Expressing frustration at the U.N. Security Council’s inability to stop the bombardment of the besieged Syrian City of Aleppo, a coalition of over 200 human rights groups is calling for the General Assembly to hold an emergency special session to demand an end to the attacks.
Sherine Tadros, head of Amnesty International’s U.N. office, said the 223 human rights and civil society organizations from 45 countries who have signed on in support of the appeal were just “a small but very potent indication of the frustration we all feel about the inability of the world body to alleviate the suffering of the Syrian people.”
“The Security Council has failed the Syrian people for the past six years and the principle organ of the United Nations that was in fact created to maintain international peace and security is unable, unfit, unwilling to do so,” Tadros said. We are calling on member states of the General Assembly to step up and request an emergency special session.”
The appeal comes after Russia vetoed a U.N. resolution demanding an end to the aerial bombardment of Aleppo on Oct. 8, effectively blocking action in the 15-member Security Council, where it is one of five permanent, veto-holding members.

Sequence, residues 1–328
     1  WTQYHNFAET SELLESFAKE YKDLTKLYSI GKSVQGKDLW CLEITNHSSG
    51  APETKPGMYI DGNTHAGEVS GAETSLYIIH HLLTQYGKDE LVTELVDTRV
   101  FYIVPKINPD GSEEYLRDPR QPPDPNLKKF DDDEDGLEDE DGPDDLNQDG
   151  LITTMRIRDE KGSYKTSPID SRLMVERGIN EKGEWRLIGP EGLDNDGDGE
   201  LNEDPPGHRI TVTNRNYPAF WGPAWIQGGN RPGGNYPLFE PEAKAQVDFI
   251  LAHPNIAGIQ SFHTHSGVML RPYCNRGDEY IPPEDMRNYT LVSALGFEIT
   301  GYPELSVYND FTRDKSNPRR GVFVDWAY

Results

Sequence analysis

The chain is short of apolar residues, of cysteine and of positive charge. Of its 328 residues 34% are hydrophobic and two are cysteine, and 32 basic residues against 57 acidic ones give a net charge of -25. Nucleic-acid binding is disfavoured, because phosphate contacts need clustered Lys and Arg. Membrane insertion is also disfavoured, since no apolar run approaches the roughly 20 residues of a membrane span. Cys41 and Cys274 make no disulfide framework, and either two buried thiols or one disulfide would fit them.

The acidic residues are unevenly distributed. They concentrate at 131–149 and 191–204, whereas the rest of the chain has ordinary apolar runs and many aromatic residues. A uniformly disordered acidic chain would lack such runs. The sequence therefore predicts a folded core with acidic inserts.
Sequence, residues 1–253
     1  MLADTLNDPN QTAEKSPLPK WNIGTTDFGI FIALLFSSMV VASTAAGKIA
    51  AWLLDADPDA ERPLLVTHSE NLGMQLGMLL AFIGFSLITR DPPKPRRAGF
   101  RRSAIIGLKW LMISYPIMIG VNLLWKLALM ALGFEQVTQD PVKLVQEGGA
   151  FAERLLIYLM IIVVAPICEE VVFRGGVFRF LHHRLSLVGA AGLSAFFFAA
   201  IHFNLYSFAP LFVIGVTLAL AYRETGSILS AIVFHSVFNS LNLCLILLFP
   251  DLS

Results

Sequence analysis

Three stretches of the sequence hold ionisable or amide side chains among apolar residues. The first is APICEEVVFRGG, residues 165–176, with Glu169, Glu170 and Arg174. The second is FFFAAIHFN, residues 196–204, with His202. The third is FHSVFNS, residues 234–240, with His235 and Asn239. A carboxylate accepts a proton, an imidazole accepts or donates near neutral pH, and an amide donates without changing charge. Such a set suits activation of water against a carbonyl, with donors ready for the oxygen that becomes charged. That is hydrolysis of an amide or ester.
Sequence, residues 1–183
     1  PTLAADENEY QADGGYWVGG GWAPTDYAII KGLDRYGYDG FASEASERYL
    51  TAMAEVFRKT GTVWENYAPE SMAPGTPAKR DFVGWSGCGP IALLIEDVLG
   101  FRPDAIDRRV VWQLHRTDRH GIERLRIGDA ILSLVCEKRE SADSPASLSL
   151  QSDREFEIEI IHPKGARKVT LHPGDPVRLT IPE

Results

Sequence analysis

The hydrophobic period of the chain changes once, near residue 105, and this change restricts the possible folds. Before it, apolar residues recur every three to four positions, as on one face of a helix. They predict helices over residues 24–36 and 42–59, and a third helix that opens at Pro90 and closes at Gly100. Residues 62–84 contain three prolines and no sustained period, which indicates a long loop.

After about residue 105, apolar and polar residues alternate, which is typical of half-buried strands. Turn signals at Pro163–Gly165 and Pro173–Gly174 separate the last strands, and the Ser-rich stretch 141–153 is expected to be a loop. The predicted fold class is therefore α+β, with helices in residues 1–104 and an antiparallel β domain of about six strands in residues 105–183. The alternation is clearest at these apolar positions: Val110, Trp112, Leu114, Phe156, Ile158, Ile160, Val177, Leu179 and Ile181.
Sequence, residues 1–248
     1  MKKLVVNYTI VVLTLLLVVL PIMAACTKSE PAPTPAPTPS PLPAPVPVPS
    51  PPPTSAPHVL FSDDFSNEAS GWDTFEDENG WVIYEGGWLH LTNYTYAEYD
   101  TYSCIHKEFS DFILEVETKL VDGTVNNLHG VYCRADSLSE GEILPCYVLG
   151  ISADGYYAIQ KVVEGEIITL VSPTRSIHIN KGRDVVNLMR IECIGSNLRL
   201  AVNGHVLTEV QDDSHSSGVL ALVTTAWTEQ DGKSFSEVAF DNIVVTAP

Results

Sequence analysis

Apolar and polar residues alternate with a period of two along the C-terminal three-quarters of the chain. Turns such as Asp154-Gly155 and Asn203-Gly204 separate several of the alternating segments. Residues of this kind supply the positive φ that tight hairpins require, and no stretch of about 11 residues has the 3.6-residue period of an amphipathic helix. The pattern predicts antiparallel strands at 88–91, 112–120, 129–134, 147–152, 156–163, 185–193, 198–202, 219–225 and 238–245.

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Now, human rights groups are calling on member states to bring the matter before the full 193-member General Assembly, whose resolution are non-binding but sends a strong message from the international community.
The groups accuse the Russian-Syrian coalition of committing war crimes during the civil war, now in its sixth year, and especially month-long bombing campaign in eastern Aleppo where nearly a quarter of a million people continue to live under siege.
The groups said the bombing campaign deliberately targeted medical facilities, included the use of cluster bombs and incendiary weapons and killed more than 440 civilians, including over 90 children.
Louis Charbonneau, United Nations Director for Human Rights Watch, said that even though General Assembly resolutions don’t have the force of international law, they could take a number of actions including the appointment a prosecutor to collect evidence of war crimes for eventual trials.
“We just want them to move in the direction of accountability and any step they (the General Assembly) take in that direction will send a very strong message to the parties to the conflict that someday they may have to pay for what they’re doing,” Charbonneau said.